Models that deal directly with conceptions of disability that directly affect the types of treatment and health promotion are often polarized. On the one hand, the biological dimension 21 of what it means to be a person with disabilities and on the other socially and culturally constructed disability 19.

The International Classification of Functioning 22 contributed to a more integrated perspective from a proposal to join the biomedical and social models 23 through a biopsychosocial conception of the subject. However, even with this advance, the subject seems to be understood in a compartmentalized, fractional, and thus reduced manner.

This reduction may affect the subject, which is then considered hyposufficient, as pointed out by Fernandez 24. The fixation of identity from the perspective of a disabling condition corroborates a unique classification of both their possibilities and their disabilities.

Thus, the reduction of the subject and its experience through this fractionation is supported by rationalities that do not only locate in the health field but the social imaginary of Western societies. Small space exists for the unpredictable 25, complex 26 experience, since the social order is not developed to accept ambivalence 27.

Is there a subject between health and disease?

The difficulties of considering the subject's experience beyond the prevailing rationalities determined are a reality in health promotion. Medical protocols prescribe guidelines on the procedures developed. Despite the crucial importance of these protocols, it is necessary to consider that these guidelines and procedures will present intersections with meanings and values where the subject's experience is constructed.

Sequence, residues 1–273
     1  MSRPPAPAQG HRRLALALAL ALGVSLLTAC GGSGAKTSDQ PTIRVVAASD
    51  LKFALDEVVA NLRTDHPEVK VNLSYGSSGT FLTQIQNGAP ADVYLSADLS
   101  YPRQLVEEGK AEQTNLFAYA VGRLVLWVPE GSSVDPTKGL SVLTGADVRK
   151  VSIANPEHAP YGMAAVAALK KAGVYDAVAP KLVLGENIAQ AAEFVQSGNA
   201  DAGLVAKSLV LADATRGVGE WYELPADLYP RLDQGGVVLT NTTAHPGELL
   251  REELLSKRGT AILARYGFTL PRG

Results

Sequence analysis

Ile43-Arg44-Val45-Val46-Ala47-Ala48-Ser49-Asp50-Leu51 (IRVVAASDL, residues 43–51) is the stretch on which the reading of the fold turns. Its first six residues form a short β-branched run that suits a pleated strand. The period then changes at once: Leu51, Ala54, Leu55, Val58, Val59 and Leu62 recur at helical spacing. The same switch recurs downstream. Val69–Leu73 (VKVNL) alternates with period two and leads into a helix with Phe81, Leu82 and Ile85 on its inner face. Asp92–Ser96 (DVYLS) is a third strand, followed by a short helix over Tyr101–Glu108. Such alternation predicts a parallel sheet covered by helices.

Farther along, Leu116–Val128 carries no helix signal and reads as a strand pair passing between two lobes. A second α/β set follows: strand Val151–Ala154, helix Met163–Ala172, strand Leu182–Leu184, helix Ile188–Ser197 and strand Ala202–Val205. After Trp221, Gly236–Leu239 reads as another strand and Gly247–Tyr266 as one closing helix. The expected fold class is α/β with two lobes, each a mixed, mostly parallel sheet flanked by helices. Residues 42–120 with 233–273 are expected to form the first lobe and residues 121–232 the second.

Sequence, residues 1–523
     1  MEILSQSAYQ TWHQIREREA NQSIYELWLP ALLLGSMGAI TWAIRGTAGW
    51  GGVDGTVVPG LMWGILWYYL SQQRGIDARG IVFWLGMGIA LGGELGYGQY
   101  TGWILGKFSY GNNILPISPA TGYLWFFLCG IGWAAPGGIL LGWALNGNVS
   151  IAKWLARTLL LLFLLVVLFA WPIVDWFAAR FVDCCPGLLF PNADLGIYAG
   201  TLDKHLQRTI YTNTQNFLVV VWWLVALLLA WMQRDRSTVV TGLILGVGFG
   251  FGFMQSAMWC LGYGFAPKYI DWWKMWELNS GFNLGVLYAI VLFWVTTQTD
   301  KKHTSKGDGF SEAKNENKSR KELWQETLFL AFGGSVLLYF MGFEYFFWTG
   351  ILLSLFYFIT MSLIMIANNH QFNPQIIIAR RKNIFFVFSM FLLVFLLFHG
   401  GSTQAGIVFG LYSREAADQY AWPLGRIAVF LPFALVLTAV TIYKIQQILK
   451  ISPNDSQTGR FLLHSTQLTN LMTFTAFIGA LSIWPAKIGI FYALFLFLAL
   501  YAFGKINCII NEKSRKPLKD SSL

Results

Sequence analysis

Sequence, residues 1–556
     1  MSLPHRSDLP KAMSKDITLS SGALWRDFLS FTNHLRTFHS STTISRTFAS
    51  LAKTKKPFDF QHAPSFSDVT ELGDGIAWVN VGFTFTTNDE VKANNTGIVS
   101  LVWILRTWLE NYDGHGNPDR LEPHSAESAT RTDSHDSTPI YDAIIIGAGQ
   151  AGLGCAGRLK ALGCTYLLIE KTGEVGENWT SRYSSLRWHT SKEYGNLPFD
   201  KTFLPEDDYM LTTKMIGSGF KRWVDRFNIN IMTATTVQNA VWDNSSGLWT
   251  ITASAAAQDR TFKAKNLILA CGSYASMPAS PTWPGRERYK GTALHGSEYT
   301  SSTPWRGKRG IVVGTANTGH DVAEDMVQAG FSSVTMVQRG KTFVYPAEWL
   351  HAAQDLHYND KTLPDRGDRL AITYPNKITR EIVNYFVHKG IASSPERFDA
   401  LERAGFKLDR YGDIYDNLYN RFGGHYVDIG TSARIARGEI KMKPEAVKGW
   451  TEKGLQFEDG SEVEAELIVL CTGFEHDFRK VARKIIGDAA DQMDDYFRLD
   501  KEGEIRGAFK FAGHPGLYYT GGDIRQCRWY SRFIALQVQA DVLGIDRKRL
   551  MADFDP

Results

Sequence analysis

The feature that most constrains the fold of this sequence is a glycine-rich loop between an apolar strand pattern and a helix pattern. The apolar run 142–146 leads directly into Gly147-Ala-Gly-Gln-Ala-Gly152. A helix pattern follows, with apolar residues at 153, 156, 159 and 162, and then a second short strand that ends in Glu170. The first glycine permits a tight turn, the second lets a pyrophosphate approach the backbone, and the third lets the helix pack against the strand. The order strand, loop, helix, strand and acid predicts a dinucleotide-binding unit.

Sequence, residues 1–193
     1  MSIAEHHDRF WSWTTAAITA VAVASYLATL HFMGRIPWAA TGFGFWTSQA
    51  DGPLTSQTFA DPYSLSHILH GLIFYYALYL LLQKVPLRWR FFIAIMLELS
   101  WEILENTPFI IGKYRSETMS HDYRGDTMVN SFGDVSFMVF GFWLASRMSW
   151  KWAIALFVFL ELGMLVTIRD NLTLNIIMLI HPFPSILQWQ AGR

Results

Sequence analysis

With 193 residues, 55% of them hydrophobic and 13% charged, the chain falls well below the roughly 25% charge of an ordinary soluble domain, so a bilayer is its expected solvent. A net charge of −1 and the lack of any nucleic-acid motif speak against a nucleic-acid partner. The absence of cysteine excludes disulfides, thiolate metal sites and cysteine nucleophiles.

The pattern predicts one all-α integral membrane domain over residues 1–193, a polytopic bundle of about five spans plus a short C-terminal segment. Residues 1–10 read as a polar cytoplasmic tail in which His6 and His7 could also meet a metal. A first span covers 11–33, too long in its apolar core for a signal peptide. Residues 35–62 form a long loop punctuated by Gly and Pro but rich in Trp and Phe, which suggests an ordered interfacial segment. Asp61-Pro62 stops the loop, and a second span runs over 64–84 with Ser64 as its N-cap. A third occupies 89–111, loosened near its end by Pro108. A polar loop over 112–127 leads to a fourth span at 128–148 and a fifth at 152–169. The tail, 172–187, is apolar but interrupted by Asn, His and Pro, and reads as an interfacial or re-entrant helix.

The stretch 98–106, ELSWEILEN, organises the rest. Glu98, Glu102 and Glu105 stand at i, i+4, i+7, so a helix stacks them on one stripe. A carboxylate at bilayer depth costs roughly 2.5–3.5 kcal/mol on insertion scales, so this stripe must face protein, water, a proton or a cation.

Thus, the discussion intended to promote is not to judge biomedical care to the point of reducing it to mere procedures. As indicated, these are often necessary procedures for the maintenance and survival of biological health, since being bodily is an existential condition of human life, as indicated by Merleau-Ponty 28. The dialogue that is sought is in another dimension, where bifocal lenses often cannot see since they can see either what is far or near and never both distances at the same time.

There is little space for physically impaired subjects to assume their injury without experiencing its impediments. The foundations of the conceptions that allow the complexity of being or not being a disabled person (with or without injury) are fragile to support the existence of the subject with physical impairments.

Many conceptions still move actively in the social imagination, including those that attest to physical disability as a disease. This latter conception provides material on the difficult task of indicating the boundaries between health and disease.

The discussion sought is not to establish the boundaries for the binomial health/disease, but to show that these boundaries cannot divide a space that can be the same among so many boundaries that constitute it.

Finally, attesting to physical disability as a disease may favor the construction of protocols and measures to be taken given the situation presented by the subject, especially from the perspective of biomedical thinking for health promotion. However, a thoughtful dialogue between limitations and abilities should be assumed so that the health of this subject does not risk “getting sick” due to the classification received.

Regarding these statements that involve health and disease considerations, Canguilhem 29 and Scliar 30,31 presented historical parameters that help to understand the influences that the conception of health and disease presented over time. These parameters contribute to explain, in some instances, our current models of treatment and health promotion.